Anyone who goes without cable TV but still loves popular content is no doubt aware of the limitations that cutting the cord can introduce. Often, networks will offer to broadcast their shows online, but then put it behind a paywall in the form of a required cable TV subscription. That's about as nonsensical as it gets, since most people who want to watch online are trying to work around not having that.
Well, two major content producers this week announced their plans to get into the digital subscription game, in effect giving people the option to access their content legally, and without a cable TV subscription. The first of these is HBO, a company that's tired of having such a massive part of the market outside of its reach. It has plans to launch its digital network in 2015, and for many, I'm sure that can't come soon enough. At the moment, pricing hasn't been announced, but I'd imagine that it'd hover around $10/mo.
Hot on the heels of that announcement, CBS has today launched its own online subscription service, called CBS All Access. For $6/mo, you'll be able to access a wide-range of CBS' content, including live TV in some cases. It's not all just current content, either: CBS promises to offer "thousands" of current and past shows, some of which will go way back. Admittedly, given the amount of content CBS has under its wing, $6/mo seems very reasonable. It's almost surprisingly reasonable, actually.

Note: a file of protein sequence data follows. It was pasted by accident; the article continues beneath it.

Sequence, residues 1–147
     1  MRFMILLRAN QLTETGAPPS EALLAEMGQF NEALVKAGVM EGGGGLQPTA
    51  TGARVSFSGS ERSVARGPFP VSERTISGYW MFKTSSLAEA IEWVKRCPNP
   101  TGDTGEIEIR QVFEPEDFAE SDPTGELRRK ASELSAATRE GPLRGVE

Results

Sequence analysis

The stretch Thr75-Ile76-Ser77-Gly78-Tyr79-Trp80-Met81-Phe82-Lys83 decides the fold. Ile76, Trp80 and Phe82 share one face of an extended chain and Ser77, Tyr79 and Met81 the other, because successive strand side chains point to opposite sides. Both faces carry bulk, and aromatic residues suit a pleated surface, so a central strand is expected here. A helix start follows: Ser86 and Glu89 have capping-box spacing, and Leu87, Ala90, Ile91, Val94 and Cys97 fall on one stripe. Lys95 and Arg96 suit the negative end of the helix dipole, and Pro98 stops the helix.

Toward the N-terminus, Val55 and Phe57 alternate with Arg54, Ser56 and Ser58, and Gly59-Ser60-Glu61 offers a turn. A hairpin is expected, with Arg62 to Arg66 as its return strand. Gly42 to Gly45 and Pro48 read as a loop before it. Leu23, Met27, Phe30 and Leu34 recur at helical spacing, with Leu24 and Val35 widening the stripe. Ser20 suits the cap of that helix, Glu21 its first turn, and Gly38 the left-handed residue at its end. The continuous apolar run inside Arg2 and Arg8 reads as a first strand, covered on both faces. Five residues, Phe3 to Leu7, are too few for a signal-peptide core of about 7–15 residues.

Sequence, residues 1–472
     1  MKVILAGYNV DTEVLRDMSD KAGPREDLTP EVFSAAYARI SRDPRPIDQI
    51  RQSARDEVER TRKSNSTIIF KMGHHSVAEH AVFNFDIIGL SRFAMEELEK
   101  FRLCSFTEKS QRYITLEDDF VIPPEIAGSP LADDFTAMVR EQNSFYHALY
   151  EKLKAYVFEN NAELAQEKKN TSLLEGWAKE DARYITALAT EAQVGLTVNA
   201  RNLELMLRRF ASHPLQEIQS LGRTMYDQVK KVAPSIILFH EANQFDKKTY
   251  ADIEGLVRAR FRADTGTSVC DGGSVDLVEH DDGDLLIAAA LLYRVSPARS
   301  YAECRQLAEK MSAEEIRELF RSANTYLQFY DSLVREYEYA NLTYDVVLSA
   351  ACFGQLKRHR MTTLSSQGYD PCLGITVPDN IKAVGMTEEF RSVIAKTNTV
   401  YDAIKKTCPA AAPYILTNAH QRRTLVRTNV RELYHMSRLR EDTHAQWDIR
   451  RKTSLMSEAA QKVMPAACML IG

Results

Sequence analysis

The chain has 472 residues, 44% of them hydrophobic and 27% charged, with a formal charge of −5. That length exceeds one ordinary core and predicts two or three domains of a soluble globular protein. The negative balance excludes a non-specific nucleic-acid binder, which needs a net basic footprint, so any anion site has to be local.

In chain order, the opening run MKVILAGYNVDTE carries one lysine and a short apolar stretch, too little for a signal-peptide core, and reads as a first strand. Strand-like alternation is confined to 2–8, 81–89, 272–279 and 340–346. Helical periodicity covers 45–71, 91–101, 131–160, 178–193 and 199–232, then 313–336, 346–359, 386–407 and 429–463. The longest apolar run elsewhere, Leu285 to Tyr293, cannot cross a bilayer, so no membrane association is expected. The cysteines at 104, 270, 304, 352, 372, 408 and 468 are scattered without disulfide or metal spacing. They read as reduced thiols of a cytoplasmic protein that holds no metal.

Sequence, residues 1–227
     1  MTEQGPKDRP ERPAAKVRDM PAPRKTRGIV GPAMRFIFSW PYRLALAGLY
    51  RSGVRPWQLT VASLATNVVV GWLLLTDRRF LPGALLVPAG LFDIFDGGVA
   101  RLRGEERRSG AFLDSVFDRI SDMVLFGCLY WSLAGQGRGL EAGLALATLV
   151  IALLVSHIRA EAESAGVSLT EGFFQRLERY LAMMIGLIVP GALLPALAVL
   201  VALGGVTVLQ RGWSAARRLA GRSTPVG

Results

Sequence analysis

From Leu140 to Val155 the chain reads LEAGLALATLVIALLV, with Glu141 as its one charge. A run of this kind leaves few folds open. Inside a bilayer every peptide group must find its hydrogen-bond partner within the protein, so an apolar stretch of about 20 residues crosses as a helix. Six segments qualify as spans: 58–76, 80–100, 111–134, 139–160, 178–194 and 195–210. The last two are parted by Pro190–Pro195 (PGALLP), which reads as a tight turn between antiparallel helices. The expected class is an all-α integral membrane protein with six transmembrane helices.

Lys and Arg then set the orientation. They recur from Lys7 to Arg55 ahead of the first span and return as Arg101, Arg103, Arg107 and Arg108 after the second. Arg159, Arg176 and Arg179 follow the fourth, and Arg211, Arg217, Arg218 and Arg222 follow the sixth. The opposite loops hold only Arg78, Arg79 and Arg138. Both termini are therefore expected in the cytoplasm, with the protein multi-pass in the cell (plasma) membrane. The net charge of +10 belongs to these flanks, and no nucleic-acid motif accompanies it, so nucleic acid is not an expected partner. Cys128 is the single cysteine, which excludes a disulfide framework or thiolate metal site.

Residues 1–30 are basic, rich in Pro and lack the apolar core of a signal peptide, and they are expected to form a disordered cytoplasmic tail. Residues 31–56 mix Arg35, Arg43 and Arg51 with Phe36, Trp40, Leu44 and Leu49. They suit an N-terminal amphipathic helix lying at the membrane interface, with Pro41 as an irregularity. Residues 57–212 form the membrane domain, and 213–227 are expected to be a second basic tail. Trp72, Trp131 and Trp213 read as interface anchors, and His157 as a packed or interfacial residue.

Hopefully, CBS and HBO are just kick-starting things here, and others will follow soon. It's frustrating to cut the cord to stop overpaying for content - and for channels you never looked at - only to lose access to virtually everything you wanted. Now, we just need two other things to happen: Sports networks need to follow suit, and these moves have to stop being US-exclusive. If CBS owns its content, why on earth is CBS All Access currently US-only? If the goal here is to make money, which it obviously is, these companies would be wise to expand as much as possible.